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Evidence-Based Complementary and Alternative Medicine
Volume 2011, Article ID 134545, 12 pages
Original Article

Electroacupuncture Zusanli (ST36) on Release of Nitric Oxide in the Gracile Nucleus and Improvement of Sensory Neuropathies in Zucker Diabetic Fatty Rats

Department of Obstetrics and Gynecology, David Geffen School of Medicine at University of California Los Angeles, Harbor-UCLA Medical Center, Torrance, CA 90502, USA

Received 23 April 2009; Accepted 8 July 2009

Copyright © 2011 Pei-Jing Rong and Sheng-Xing Ma. This is an open access article distributed under the Creative Commons Attribution License, which permits unrestricted use, distribution, and reproduction in any medium, provided the original work is properly cited.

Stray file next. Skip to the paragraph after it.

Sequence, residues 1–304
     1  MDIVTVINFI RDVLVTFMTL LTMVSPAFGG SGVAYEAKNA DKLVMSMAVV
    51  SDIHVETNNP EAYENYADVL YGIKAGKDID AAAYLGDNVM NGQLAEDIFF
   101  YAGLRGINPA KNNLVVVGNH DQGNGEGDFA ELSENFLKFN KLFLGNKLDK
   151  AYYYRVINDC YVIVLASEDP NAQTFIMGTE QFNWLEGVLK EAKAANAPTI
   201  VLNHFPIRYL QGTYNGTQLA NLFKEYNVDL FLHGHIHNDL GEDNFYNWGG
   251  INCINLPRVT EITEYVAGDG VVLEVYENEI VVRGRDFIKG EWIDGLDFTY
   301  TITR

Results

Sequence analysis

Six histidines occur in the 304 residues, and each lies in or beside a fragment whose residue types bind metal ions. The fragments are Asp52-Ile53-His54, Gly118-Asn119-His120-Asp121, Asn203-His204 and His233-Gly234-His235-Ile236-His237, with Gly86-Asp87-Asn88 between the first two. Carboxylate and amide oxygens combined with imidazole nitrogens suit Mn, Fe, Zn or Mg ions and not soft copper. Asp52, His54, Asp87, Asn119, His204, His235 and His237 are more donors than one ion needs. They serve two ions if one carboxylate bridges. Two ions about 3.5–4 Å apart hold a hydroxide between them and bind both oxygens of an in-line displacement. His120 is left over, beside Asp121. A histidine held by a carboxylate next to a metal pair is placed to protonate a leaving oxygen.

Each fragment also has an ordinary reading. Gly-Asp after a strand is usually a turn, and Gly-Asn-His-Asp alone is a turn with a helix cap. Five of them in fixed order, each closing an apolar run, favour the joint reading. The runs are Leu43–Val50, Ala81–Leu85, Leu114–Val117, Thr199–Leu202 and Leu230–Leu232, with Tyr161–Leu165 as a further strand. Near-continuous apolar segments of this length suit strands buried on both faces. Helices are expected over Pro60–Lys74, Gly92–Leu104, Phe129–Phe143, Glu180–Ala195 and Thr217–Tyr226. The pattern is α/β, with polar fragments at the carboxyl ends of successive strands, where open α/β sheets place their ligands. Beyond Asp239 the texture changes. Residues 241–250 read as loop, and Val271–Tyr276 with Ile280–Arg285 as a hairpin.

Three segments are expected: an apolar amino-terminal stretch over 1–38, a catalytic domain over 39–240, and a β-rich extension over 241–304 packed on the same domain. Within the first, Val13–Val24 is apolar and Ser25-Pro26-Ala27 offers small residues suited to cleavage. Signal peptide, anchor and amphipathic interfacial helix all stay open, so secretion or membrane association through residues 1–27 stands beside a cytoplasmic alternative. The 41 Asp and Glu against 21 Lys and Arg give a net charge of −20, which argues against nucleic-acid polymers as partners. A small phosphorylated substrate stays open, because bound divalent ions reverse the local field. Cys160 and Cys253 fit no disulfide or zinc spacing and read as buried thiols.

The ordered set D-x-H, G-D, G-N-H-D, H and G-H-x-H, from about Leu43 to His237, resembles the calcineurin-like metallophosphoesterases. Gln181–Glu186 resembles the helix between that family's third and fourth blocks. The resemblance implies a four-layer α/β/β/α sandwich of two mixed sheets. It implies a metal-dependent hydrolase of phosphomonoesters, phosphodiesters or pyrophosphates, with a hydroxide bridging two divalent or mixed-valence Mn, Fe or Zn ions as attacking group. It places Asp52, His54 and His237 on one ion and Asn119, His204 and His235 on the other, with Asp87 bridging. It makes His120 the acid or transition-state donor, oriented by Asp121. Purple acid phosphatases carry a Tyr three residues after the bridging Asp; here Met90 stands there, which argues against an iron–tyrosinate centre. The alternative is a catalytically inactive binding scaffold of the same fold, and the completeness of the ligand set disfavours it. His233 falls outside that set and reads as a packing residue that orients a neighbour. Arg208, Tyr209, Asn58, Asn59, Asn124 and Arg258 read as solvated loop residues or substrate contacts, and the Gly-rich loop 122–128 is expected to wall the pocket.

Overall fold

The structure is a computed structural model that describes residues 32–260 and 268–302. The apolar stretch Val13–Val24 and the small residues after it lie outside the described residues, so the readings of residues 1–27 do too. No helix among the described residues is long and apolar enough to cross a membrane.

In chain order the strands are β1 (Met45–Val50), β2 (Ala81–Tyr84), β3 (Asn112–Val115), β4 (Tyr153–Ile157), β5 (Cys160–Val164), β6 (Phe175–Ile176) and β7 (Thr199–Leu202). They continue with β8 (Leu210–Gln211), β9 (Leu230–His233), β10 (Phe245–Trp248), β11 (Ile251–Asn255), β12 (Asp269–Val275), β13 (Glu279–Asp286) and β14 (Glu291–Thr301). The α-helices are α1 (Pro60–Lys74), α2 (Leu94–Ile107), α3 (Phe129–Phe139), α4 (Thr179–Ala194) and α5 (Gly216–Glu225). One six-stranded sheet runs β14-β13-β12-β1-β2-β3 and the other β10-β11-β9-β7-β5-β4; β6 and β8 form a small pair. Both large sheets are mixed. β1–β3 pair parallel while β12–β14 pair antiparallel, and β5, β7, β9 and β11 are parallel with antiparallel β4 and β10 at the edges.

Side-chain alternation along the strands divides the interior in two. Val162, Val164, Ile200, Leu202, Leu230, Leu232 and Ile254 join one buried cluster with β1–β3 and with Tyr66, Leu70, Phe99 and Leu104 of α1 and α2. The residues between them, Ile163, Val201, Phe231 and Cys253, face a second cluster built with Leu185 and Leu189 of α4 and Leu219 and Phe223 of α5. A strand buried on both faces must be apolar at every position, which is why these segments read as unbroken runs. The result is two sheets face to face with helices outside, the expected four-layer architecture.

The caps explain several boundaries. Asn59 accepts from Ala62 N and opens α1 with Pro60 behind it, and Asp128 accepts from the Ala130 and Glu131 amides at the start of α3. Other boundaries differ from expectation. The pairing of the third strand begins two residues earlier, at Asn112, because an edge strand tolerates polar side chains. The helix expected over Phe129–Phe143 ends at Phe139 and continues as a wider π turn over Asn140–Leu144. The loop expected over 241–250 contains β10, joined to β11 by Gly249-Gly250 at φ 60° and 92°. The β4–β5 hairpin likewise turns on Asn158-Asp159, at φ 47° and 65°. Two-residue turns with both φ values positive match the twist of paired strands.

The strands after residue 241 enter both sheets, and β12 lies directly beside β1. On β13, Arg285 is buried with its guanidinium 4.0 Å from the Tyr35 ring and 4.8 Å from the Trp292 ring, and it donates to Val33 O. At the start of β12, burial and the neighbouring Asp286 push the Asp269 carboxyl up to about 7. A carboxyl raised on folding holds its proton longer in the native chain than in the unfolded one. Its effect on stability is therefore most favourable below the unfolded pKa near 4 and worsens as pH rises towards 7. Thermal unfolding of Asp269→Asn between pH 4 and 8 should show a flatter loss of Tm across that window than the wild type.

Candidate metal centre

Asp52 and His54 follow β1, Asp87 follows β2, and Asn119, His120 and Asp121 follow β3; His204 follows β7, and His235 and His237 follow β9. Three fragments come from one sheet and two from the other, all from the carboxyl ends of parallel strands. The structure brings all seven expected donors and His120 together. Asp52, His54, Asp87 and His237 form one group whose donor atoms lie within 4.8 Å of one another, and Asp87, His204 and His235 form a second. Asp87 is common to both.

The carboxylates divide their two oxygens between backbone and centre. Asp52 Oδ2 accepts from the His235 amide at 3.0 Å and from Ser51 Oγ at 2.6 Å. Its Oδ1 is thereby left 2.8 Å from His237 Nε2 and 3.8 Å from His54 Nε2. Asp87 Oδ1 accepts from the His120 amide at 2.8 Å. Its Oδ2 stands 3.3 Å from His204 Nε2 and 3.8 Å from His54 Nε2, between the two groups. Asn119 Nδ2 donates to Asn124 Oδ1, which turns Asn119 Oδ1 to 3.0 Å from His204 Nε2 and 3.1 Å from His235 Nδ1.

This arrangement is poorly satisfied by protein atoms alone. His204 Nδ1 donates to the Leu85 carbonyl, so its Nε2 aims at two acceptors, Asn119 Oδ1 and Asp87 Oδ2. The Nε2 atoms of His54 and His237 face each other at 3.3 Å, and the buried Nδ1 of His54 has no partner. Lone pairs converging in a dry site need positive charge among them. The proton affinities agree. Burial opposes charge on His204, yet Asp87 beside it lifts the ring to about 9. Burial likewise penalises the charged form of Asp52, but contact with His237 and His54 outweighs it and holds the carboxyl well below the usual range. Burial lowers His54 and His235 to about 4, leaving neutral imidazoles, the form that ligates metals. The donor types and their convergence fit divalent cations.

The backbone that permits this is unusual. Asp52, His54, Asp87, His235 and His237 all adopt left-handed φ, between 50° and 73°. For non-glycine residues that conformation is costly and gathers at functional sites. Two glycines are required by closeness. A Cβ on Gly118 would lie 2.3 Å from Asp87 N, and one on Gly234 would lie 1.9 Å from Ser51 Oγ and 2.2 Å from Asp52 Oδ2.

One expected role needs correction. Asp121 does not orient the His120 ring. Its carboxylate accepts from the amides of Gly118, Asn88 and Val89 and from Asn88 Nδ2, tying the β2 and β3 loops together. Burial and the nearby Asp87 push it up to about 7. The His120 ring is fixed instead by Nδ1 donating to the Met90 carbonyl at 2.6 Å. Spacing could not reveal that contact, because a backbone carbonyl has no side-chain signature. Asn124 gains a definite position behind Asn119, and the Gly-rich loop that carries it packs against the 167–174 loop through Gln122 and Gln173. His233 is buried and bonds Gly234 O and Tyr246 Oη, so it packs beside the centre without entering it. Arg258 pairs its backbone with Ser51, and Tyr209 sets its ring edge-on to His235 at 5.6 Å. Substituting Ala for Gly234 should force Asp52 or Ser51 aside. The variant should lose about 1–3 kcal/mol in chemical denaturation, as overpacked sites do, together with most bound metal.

The purpose of these studies was to examine the effects of electroacupuncture (EA) Zusanli (ST36) on release of nitric oxide (NO) in the gracile nucleus (GN) and determine if functional neuropathic changes were modified by EA ST36-induced NO in the nucleus in Zucker diabetic fatty (ZDF) rats. The foot withdrawal responses to mechanical, thermal and cold stimuli were measured before and after EA stimulation. A microdialysis probe was implanted in the GN and dialysate samples were collected 20 min before, during and after EA ST36. Total nitrate and nitrite ( N O − 𝑥 ) concentrations in the samples were quantified by using chemiluminescence. The baseline dialysate N O − 𝑥 concentrations in the GN were decreased in ZDF rats compared to lean control (LC) rats ( 𝑃 < . 0 5 ). In ZDF rats, dialysate N O − 𝑥 releases in the GN were markedly increased during EA ST36, whereas in LC rats, the releases were moderately enhanced at 20–40 min after EA ST36. The withdrawal latencies to mechanical, cold and thermal stimuli were significantly improved 20 min after EA ST36 both in LC and ZDF rats, but not altered by non-acupoint stimulation. The withdrawal latencies to EA ST36 were further potentiated by 3-morpholinyl-sydnoneimine and inhibited by NG-Propyl-L-arginine infused into the GN in ZDF rats ( 𝑃 < . 0 5 ). These results show that EA ST36 increases NO release in the GN, and NO in the nucleus modifies withdrawal latencies to mechanical, cold, and thermal nociception stimuli. Data suggest that EA ST36 induces NO release in the GN, which contributes to improvement of sensory neuropathies in rats.